SNP selection under fire over second MP

THE controversy over the SNP’s candidate vetting procedures, sparked by the Michelle Thomson property scandal, escalated last night when questions were raised about the past conduct of a second Nationalist MP.

The SNP MPs. Michelle Thomson and Paul Monaghan both made their Westminster debut after the May election. Picture: Jon Savage

Opposition politicians urged the SNP to investigate the involvement of Caithness, Sutherland and Easter Ross MP Paul Monaghan in a home for the elderly, which faced allegations of ill-treatment of residents and sexual harassment of staff.

Monaghan and his parents used to run the Balmoral Lodge Eventide home, a residential home in the Highland village of Strathpeffer.

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Scotland on Sunday can reveal that social workers were moved into the home to look after the 21 residents following an investigation into ill-treatment of them and sexual harassment of staff in the mid-1990s.

Willie Rennie: questions about SNPs vetting procedures. Picture: Neil Hanna

A press report into the incident, published in June 1995, said action was taken after Monaghan and his parents were given an ultimatum to agree to the social workers coming in or the residents would be moved out.

The report quoted a statement from the then Highland Regional Council, which said: “At a private meeting of the registration panel, certain matters relating to the suitability of those running the home were discussed and the owners of Balmoral Lodge were notified of the decision to move to deregistration. They have 14 days to show reason why this should not happen.”

Another press report, published a year later, claimed the MP’s father, Bill, had his licence withdrawn and Monaghan had been “banned” from having “any day-to-day control” of the home.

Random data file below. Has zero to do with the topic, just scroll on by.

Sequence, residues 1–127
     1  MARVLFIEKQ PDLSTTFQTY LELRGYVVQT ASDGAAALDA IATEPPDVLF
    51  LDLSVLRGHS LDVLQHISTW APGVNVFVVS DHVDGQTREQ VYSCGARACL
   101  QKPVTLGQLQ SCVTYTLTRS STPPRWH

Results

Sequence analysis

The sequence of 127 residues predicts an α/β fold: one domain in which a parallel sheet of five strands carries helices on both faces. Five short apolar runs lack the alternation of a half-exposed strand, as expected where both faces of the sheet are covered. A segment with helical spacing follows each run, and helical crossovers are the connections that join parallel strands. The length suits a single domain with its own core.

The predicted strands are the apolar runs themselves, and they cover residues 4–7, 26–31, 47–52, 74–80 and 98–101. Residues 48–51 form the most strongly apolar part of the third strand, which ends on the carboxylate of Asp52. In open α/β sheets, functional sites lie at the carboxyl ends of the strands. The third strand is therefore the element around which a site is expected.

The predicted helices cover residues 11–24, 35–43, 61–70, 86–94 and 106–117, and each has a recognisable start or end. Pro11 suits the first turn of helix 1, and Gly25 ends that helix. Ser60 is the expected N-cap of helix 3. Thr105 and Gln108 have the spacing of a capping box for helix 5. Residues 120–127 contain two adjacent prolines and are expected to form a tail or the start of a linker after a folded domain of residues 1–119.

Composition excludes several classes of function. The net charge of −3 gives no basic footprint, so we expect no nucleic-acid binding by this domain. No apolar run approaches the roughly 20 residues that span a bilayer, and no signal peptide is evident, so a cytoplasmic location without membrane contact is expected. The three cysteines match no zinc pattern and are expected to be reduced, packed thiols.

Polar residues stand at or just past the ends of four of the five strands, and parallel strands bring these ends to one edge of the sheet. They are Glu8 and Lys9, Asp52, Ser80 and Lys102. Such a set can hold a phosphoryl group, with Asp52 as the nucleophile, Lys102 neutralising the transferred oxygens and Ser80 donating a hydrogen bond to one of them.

Yesterday Monaghan denied this was the case, saying: “I was not banned from having control of the care home. In fact my registration continued until the care home was sold. At that point I gave up the care home registration.”

Despite Monaghan’s denial, opposition politicians last night insisted the SNP should investigate the MP’s role in the controversy and the way they select candidates.

Since his election in the SNP’s May landslide, Monaghan has perhaps been best known for his exposure as a “cybernat”, who has used Twitter to publish slurs on the Royal Family and launch smear campaigns against opponents.

Last night the Conservative MSP Murdo Fraser said: “What the Michelle Thomson case has done is raise questions about the thoroughness of the SNP vetting process for parliamentary candidates and whether details of her business history were properly considered by them when she was approved as a candidate.

“[There are] similar questions in relation to the case of Dr Monaghan. Were these reported incidents made known to the SNP and were they aware of his history when he was approved as a candidate? These matters now need to be thoroughly investigated.”